Harness races, in the form of chariot races, are known to have been held in the ancient civilizations of Greece and Rome long before horses were raced under saddle. In fact, chariot racing was a part of the Olympic Games over 200 years before racing under saddle was added. Modern harness racing, however, began in America in the late 1700's and early 1800's.
Messenger, a gray English thoroughbred, arrived in America in 1788, and sired many notable American thoroughbred racehorses, including the noted broodmare Miller's Damsel. Thoroughbreds such as Gallant Fox, Omaha, Equipoise, Sun Beau, Seabiscuit, Kelso, Assault, Blue Larkspur, Exterminator, and even the immortal Man o' War carried his blood. Yet Messenger's greatest claim to fame was as the "Great Sire" of the early American Trotter. Hambletonian 10, the foundation sire of the standardbred, was inbred to Messenger, and the great early sire Mambrino Chief was also his descendant.
Hambletonian 10, by Messenger's grandson Abdullah and out of the Charles Kent Mare, was foaled in Sugar Loaf, New York, in 1849. His breeder, Jonas Seely, sold him to William Rysdyk shortly after he was foaled for a sum of $125. Although he never raced, the records of his sons and daughters were outstanding, and standing stud in both Chester and Goshen, he sired 1331 foals, with his four most important sons being Dictator, Electioneer, George Wilkes, and Happy Medium. Today, over ninety percent of all standardbreds trace back to Hambletonian 10 in their tail male lines. Two other stallions, Mambrino Chief, the sire of many talented mares, including the great one-eyed trotting mare Lady Thorn; and Figure, the foundation sire of the Morgan, were also influential early sires of the trotter.
Pacers were separate from trotters in early history. A breed called the Narragansett Pacer was a popular saddle horse in colonial America in the late 1700's, but when the roads improved in the early 1800's, the trotter was considered to be much more fashionable. A Canadian breed of pacer, the Canuck, came into favor as the Narragansett Pacer began to disappear, since the Canuck was double gaited, working well at both the trot and the pace. Three Canadian stallions, Tom Hal, Old Pilot, and Copper Bottom were imported into Kentucky in the early 1800's. Breeding these horses to Narragansett pacers and horses of trotting blood produced the "poor man's trotter," or "sidewheeler," as pacers were called, and although trotters were favored in the northeast, the popularity of the pacer grew in the midwestern and southern states.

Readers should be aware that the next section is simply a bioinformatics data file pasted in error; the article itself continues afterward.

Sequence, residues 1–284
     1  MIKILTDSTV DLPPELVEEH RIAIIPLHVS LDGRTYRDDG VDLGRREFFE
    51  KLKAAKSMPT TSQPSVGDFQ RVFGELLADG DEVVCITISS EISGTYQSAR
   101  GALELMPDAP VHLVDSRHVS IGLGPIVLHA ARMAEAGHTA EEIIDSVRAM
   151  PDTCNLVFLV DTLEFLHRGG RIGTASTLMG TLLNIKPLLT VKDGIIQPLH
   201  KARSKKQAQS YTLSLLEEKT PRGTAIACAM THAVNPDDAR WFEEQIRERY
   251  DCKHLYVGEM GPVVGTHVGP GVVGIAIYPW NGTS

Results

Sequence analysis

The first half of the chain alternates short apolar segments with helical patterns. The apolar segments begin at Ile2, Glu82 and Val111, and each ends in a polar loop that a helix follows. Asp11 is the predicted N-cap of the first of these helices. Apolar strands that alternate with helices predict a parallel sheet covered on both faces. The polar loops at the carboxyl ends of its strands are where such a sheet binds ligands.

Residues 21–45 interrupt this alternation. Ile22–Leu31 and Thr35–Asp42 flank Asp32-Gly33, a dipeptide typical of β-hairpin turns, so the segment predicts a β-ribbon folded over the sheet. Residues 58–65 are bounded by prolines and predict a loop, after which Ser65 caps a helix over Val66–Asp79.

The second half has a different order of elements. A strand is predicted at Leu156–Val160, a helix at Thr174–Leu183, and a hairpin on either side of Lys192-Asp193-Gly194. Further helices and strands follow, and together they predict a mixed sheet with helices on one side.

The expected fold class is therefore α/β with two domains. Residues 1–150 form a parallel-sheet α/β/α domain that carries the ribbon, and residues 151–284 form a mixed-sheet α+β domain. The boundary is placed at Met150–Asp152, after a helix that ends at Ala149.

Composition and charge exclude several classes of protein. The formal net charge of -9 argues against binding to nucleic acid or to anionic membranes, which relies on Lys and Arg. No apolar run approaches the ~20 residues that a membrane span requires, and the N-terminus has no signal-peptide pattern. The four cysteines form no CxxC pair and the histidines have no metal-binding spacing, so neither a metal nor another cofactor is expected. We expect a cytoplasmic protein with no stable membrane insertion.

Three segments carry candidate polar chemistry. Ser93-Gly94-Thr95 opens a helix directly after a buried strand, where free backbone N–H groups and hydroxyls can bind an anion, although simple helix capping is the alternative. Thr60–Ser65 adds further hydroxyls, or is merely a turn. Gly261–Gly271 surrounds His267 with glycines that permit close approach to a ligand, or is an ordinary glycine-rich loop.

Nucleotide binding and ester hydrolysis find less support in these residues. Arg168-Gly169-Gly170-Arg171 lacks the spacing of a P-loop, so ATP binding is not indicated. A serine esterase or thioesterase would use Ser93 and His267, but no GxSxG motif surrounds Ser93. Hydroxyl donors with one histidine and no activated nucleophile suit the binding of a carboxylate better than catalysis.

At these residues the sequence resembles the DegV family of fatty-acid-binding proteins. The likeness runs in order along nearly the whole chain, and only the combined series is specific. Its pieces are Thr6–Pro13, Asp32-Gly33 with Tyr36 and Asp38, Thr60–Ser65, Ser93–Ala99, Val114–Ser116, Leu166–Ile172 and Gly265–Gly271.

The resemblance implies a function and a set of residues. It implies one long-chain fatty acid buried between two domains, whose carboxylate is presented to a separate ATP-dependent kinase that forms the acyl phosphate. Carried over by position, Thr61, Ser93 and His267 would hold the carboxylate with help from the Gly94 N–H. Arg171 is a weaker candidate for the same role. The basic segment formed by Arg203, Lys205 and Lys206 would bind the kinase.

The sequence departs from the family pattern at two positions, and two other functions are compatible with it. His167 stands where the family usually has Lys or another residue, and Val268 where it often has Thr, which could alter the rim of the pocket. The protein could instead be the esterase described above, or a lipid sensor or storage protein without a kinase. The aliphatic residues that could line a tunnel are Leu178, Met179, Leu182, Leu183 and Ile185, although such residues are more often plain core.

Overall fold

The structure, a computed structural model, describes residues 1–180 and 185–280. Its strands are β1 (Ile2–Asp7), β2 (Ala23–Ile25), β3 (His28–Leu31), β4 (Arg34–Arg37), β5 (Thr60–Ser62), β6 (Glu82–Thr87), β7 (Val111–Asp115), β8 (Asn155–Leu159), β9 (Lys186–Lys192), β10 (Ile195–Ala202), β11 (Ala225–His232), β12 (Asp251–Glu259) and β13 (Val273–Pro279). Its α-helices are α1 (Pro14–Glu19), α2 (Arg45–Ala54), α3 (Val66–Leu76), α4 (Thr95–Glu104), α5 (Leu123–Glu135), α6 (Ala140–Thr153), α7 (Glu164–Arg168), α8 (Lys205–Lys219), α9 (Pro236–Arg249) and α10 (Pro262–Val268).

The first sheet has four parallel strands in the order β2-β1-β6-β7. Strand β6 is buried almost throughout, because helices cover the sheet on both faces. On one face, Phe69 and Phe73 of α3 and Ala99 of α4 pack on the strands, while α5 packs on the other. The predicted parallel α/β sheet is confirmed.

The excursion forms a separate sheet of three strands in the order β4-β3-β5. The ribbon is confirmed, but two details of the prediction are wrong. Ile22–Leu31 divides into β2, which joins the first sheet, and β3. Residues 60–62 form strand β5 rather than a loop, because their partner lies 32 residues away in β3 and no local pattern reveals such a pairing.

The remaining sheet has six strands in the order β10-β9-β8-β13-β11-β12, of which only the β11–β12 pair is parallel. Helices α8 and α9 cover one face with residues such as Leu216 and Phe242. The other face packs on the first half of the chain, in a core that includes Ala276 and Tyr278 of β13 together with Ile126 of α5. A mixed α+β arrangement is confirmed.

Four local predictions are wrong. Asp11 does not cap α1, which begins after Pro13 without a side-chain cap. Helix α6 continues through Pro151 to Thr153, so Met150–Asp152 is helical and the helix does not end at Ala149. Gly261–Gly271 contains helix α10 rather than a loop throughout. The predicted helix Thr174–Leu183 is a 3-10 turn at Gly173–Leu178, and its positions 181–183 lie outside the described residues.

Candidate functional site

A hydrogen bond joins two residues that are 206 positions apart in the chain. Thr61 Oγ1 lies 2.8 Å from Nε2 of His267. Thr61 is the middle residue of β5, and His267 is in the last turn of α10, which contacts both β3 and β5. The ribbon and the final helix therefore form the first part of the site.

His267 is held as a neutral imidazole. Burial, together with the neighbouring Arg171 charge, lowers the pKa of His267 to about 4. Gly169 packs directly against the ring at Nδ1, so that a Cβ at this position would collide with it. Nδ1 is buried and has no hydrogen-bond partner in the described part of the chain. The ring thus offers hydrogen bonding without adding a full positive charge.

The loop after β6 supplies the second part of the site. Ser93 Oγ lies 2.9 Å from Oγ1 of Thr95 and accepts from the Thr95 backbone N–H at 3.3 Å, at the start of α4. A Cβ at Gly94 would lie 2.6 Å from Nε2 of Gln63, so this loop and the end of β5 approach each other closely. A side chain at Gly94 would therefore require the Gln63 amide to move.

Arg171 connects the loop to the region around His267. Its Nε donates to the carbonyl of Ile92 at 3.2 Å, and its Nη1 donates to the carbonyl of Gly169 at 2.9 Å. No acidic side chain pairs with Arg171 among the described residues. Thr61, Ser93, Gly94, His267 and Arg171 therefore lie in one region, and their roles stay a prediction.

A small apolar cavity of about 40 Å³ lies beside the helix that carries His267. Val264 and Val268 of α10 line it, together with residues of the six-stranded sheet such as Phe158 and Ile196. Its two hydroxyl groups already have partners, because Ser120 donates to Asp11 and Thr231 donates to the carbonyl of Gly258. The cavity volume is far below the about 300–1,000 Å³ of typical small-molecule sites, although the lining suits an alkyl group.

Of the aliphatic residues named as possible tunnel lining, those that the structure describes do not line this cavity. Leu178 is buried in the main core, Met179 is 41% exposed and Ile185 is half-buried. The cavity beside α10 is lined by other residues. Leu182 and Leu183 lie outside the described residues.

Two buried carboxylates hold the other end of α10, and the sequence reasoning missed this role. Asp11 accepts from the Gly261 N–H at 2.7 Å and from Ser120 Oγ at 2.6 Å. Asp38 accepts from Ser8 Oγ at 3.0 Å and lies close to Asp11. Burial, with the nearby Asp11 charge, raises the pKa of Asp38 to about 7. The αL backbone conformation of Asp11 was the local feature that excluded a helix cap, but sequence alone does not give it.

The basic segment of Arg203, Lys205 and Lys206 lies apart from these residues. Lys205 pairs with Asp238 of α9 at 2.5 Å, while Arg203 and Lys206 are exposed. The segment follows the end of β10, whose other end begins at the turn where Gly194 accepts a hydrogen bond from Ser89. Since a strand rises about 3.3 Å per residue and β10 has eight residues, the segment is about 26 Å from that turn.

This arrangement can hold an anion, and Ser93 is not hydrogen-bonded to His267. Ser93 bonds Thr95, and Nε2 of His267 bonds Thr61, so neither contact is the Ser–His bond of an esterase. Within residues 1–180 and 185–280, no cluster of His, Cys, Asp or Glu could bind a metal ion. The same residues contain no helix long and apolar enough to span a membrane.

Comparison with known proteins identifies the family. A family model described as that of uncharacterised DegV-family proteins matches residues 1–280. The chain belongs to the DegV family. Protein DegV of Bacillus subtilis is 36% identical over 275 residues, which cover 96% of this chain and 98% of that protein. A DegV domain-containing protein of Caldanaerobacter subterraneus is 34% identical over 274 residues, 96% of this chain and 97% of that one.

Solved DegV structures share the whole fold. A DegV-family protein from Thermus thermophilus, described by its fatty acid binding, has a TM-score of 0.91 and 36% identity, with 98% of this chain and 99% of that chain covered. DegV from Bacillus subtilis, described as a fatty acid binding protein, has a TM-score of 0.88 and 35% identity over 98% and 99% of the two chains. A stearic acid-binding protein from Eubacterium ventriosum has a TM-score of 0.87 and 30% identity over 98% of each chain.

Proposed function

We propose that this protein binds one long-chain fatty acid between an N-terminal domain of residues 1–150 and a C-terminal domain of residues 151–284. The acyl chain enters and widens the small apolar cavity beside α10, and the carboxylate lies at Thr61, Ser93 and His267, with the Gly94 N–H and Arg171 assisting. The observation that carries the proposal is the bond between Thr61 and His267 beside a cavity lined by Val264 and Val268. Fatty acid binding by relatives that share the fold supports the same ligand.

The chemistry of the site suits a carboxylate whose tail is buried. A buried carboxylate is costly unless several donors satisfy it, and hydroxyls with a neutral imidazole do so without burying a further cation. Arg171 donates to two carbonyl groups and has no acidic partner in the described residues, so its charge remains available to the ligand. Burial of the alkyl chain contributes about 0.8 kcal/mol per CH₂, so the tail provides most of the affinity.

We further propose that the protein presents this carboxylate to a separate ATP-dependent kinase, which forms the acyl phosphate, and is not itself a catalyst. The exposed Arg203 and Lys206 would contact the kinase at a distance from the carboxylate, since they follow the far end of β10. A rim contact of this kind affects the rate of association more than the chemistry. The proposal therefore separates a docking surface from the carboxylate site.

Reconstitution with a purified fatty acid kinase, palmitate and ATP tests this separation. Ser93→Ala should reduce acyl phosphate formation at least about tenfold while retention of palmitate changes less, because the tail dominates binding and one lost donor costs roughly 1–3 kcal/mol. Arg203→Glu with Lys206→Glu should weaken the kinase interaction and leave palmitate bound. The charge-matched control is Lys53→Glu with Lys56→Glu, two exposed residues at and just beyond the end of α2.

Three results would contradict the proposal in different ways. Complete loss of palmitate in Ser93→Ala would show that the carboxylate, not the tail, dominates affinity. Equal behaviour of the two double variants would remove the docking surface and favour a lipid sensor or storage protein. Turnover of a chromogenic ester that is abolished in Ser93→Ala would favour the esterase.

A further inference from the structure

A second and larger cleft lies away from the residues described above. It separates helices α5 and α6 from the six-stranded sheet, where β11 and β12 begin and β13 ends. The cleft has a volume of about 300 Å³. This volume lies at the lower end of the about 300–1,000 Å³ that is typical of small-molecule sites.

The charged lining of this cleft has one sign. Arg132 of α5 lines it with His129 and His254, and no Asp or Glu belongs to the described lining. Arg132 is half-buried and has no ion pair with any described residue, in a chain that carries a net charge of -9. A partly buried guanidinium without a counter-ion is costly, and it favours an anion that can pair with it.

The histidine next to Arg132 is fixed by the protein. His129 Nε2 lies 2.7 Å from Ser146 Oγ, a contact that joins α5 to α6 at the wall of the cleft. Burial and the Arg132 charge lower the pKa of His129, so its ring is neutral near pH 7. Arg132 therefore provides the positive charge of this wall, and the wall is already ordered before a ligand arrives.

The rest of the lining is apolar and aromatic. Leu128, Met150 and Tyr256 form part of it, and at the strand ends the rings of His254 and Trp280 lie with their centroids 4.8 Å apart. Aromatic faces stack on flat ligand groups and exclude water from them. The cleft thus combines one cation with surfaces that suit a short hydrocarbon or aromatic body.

Horses were ridden, not driven, in early trotting and pacing races, which were mostly informal and unrecorded events, since the only racetracks which existed in America at the time were built for thoroughbred racing. Harness racing began in the New York City area, including Long Island, Southern Connecticut, and a few counties north of the city, particularly Orange County. Brushing, or informal road racing, was the earliest form of American harness racing. Whenever one driver attempted to pass another on the road, a contest was sure to begin. Horses who were most successful in brushes were often matched against one another more formally, and organized harness racing began. Its popularity increased greatly in the early 1800's, when New York and New England banned thoroughbred racing, but allowed harness racing to continue, since a race was defined as a contest in which two horses competed at top speed, and the trot was technically not a horses fastest gait. By the time thoroughbred racing returned to the north, harness racing was already established, with horses bred in New England from the blood of Figure being the most successful. The first American trotting record was set in June of 1806, when Yankee, a New England bred gelding, trotted a mile in 2:59 on the Harlem Lane Course in New York.
In 1825 the New York Trotting Club was formed, bringing some organization to the sport and helping to create uniform rules. The earliest sulkies were created by stripping down four wheeled buggies and carts. Through the use of these lighter vehicles, times were decreased greatly. Pulling an early two wheeled sulky, Lady Suffolk trotted a mile in 2:29 1/2 on October 13, 1845, in the second heat of a five heat race in Hoboken, New Jersey.
When immoral behavior by the spectators of harness racing began to give the sport a bad name, the National Trotting Association was formed to govern the sport, and its progress continued again. As equipment, tracks, and horses improved, the trotting record dropped even more. By the 1880's, the trotting record was 2:17 1/4, and its owner, Dexter, who was once driven by General Grant, was a household word. Another leap forward occurred in 1892, when the high wheeled sulky was replaced by one that was lower to the ground. The first sub-two minute mile was achieved in 1897, when Star Pointer paced a mile in 1:59 1/4 in Boston, and Lou Dillion became the first sub-two minute trotter in 1903, setting a record of 1:58 1/2.
Dan Patch, a pacing gelding from Indiana, was a legend
in his own time. He was foaled in 1896, and began his
remarkable career in 1900. He was never defeated, and he
only lost two of the 56 heats in which he was entered,
winning the second and third heats on the two occasions in
which he did not win the first. In 1903, Dan Patch broke
Star Pointer's world record, pacing a mile in 1:56 1/4,
and lowered his record to 1:55 1/4 the following year.
His record stood until Billy Direct took a quarter of a
second off it in 1938.